• 1946-05-26: The 4th U.S. V-2 launch was tracked by "two AN/MPQ-2 stations".[28]

  • 1946 summer: New WSPG quarters were completed and the Medical Detachment and 3 batteries moved from Ft Bliss.[29]

  • 1946-09: First static firing of a Nike missile was at WSPG.[30]

New Mexico Joint Guided Missile Test Range

  • 1947 (late):[31] A merging of military areas (e.g., former USAAF bombing range and the smaller WSPG) established the "New Mexico Joint Guided Missile Test Range".[21]

  • 1947-11-14: The USAF's Alamogordo Guided Missile Test Base (AGMTB) on the range had its first GAPA missile launch (39th for GAPA and first with a ramjet).[33]

  • 1948-05 to 1949-4: First six flight attempts for the Project Bumper two-stage V-2 SRBM/WAC Corporal two-stage research vehicles as the world's first "high-speed" multistage rockets to be launched.

  • 1948-07: USAF Project MX–774 commenced with the first RTV-A-2 Hiroc launch (from Launch Complex 33)[10]

  • 1949-03: Holloman's 2754th Air Force Base unit gained "control of [the WSPG] support airfield, Condron Field…from Biggs Army Air Field at Fort Bliss."[10]

  • 1949: German scientists transferred from New Mexico to Alabama (Dr. Ernst Steinhoff transferred from WSPG to Holloman's Air Development Center.) [59]

  • 1949-07: The range's Four Bits Peak Instrumentation Annex was assigned to the AFB (disposed on 30 September 1960).[21]

  • 1951-07: The AGMTB became a sub-base of Florida's Air Force Missile Test Center until 31 August 1952.[35]

  • 1951-08-22: Broomstick Scientists in a unit of the 9393 Technical Service Unit conducted their first launch: the "TF-1" V-2 rocket.[36]*Vengeance%20Weapon%202%3A%20T]][37](*Broomstick Sweepings uary 1952 general order transferred "1st Ord. GMS Bn." soldiers to Detachment No. 1, Station Complement.)[38]

  • 1952-05: An additional 40 mi × 117 mi (64 km × 188 km) was set aside for the "Alamogordo bombing range, White Sands proving ground, and the Fort Bliss antiaircraft range".[39]

  • 1952 (mid): The joint range of more than 200,000 acres (81,000 ha) was 2nd in area to the Eglin AFB range (the Edwards AFB range was 3rd.)[21]

  • 1952-11: The range's Red Butte Instrumentation Annex was assigned to Holloman AFB (disposed on 22 November 1963).[21]

  • 1953-06: USS Desert Ship (LLS-1) (Launch Complex 35) was built to test the Navy RIM-8 Talos missile.[10]

  • 1957-02: The 9393rd Technical Unit, Ordnance, became the U.S.

  • Army Garrison.[40]

  • 1957-03-13: Nike Hercules satisfactory launch from LC37.[41]

White Sands Missile Range

1982 Space Shuttle Columbia landing at Northrop Strip

1982 Space Shuttle Columbia landing at Northrop Strip

  • 1958-05-01: The test range was designated "White Sands Missile Range".[10]

  • 1958-09-02: The Gold Hill Instrumentation Annex was assigned to Holloman AFB (disposed on 30 September 1960).[21]

  • 1958-10: Zeus Acquisition Radar site construction at the planned Launch Complex 38 began[42] near an airstrip.[43]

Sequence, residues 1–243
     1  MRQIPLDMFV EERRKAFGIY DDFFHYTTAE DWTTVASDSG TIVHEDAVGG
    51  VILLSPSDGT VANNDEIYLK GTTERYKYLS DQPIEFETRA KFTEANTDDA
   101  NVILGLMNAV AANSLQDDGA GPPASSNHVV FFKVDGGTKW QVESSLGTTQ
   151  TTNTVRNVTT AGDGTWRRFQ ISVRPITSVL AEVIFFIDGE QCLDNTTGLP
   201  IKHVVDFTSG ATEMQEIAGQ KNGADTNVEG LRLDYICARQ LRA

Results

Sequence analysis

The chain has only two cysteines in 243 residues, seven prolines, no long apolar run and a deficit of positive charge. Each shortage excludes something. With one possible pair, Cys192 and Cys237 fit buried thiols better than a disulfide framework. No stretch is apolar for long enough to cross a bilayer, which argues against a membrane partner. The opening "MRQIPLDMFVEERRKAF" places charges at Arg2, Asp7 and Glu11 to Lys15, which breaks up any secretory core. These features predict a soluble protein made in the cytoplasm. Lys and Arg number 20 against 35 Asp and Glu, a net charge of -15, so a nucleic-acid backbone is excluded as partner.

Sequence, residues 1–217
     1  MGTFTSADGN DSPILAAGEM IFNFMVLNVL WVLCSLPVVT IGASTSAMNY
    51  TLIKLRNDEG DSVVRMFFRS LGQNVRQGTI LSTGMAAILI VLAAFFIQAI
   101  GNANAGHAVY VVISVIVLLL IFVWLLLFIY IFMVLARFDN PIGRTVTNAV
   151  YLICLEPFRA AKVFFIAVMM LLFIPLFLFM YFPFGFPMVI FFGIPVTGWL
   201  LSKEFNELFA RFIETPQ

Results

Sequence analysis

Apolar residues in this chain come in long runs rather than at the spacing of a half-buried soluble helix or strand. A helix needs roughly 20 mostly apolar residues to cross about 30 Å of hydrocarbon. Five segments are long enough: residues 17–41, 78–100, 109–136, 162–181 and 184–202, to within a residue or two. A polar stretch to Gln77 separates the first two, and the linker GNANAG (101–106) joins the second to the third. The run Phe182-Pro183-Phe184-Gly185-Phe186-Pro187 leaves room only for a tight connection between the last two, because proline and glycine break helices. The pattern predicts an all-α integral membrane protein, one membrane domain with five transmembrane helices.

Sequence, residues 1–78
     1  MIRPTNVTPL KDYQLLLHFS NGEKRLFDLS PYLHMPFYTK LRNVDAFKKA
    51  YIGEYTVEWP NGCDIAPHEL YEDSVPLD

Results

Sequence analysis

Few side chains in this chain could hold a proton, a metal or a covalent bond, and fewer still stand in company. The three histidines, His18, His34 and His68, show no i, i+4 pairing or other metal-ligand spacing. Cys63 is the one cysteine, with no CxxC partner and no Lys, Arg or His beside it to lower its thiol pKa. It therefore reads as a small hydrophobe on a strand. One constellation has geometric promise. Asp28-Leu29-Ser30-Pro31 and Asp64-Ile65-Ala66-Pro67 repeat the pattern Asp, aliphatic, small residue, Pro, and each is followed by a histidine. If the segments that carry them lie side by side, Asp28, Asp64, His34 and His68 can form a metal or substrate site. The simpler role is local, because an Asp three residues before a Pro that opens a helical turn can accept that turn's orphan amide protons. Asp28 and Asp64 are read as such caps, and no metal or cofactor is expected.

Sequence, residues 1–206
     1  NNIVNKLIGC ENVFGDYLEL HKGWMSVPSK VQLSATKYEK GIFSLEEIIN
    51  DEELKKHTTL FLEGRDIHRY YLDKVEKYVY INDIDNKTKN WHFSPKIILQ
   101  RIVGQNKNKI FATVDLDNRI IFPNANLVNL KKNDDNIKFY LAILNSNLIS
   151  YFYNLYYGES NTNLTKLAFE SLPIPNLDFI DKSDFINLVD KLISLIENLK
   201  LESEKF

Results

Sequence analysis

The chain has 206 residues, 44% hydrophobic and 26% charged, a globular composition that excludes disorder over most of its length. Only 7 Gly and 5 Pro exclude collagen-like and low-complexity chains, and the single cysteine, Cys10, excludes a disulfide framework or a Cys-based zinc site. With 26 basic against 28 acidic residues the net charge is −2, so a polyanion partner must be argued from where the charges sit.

• c. 1959: The long-range GE AN/FPS-17 Fixed Ground Radar at the Laredo Test Site tracked its first WSMR rocket.

  • 1959: Shavetail rocket tested.

  • 1959: An Iconorama large screen display as used for Pentagon C2 was installed at WSMR.[44]

  • 1963: President John F. Kennedy visited for the MEWS (Missile Exercise White Sands).[45]

  • 1962-03: Annual Service Practice was being conducted for Redstone missile crews.[46]

  • 1963-03: Site preparation began for the Multi-function Array Radar.[47]

  • 1963: Apollo program Launch Escape System tests with the Little Joe II began at White Sands Launch Complex 36 (ended 1966).[48]

  • 1963-11: The Loma (assigned December 1952), Rose Park (5 February 1950), & Twin Buttes (December 1949) instrumentation annexes transferred from Holloman AFB to the Army.[21]

  • 1964-07-08: The first "successful Athena/ABRES test missile [was] fired from Utah into WSMR".[49]

  • 1965-11: first Sprint missile launch [2] [60]

  • 1967: Operation Understanding civic leaders observed their local Nike crews perform Short Notice Annual Practice launches.[50]

  • 1967-10-21: Public Law 90-110 authorized $4,781,000 for WSMR construction.[51]

  • 1972: WSMR had 3 RCA AN/FPS-16 Instrumentation Radars[52]

  • 1983 thru 30 September 1993 - WSMR hosted the Simtel collection, the largest collection of free software and freeware available to the public on the ARPANET and Internet. It began as a copy of an MIT collection of CP/M software, and expanded to collect free software for other operating systems as well.[53][54]

  • 1991 (late): Convair QF-106 Delta Dart drones based at Holloman AFB began operating as Full-Scale Aerial Targets over WSMR.

  • 1993-08-18: The first McDonnell Douglas DC-X flight was from the White Sands Space Harbor

  • 2004: AIAA named the WSPG a Historic Aerospace Site.[55]

  • 2007-11-14: Launch Complex 32 groundbreaking for the Orion Abort Test Booster.[56][57]

  • 2011: A point in the Post Area was designated "White Sands Missile Range" in the USGS's Geographic Names Information System.[3]

See also

  • McDonald Ranch House, location of the final assembly of the world's first nuclear weapon

  • Kapustin Yar, the Soviet analog of WSMR

  • Peenemunde Army Research Center, WWII German rocket center